Scrutinizing the Scrutinizers: Airport Screeners Dislike Pass-Fail Tests

Discussion in 'Aviation Passenger Security in the USA' started by Mike, Feb 1, 2013.

  1. Mike

    Mike Founding Member Coach

    I quoted one section but the article covers a lot more. It was written by a six-year screener @ SNA.

    Labor Notes: Scrutinizing the Scrutinizers: Airport Screeners Dislike Pass-Fail Tests

    Currently TSA officers are subjected to three separate tests to ensure competence. It often takes nearly half a year to assess each officer.

    The consequence for failing any one of these tests is termination. Two of the three have been highly criticized by TSA officers: a practical skills examination (PSE) and a quiz called the Screening Operations Procedures Assessment (SOPA). The third test is an X-ray imaging test called the Image Mastery Assessment.

    The PSE is a hands-on demonstration of various procedures officers do at airport checkpoints, like pat-downs and bag checks. Officers are in a room with two management-appointed testers and must demonstrate proficiency and commit no so-called “critical errors.” A critical error results in a failure.

    The controversy among TSA officers is that if an officer claims to have done a complete procedure but the management-assigned tester says he did not, the tester’s word is taken. Calls to have the examination videotaped to allow an “instant replay” have been road-blocked.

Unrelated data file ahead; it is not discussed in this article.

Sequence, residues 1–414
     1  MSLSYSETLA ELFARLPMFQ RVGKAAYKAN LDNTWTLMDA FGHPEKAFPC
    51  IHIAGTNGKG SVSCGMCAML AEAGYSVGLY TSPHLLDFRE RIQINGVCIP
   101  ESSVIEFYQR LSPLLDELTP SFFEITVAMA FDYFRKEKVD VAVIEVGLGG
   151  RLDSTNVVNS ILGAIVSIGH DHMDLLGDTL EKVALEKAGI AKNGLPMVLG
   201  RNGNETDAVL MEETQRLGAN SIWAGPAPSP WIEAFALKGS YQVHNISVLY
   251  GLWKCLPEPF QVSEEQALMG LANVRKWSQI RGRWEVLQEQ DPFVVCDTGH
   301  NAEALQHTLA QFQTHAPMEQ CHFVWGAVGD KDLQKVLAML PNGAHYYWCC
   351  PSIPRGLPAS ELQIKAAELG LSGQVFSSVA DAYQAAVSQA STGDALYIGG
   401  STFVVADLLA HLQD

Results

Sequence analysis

The SOPA is a 30-or-more-question, multiple-choice quiz. It is controversial among TSA officers because many questions are ambiguous, making it tricky to identify the best answer, and because some questions don’t seem relevant to security in the first place.

    Federal law prohibits citing an example, since the test questions are labeled Sensitive Security Information. But imagine a police officer being quizzed: How many officers can pursue a suspect? Imagine the police officer‘s rulebook being so sloppily written that in one section one answer is given but another section with a different scenario gives a different answer. What is the officer to mark as a reply?

    Checkpoint TSA officers get one quiz; baggage TSA officers another; “dual function” officers get more questions. Missing a percentage of answers means failure.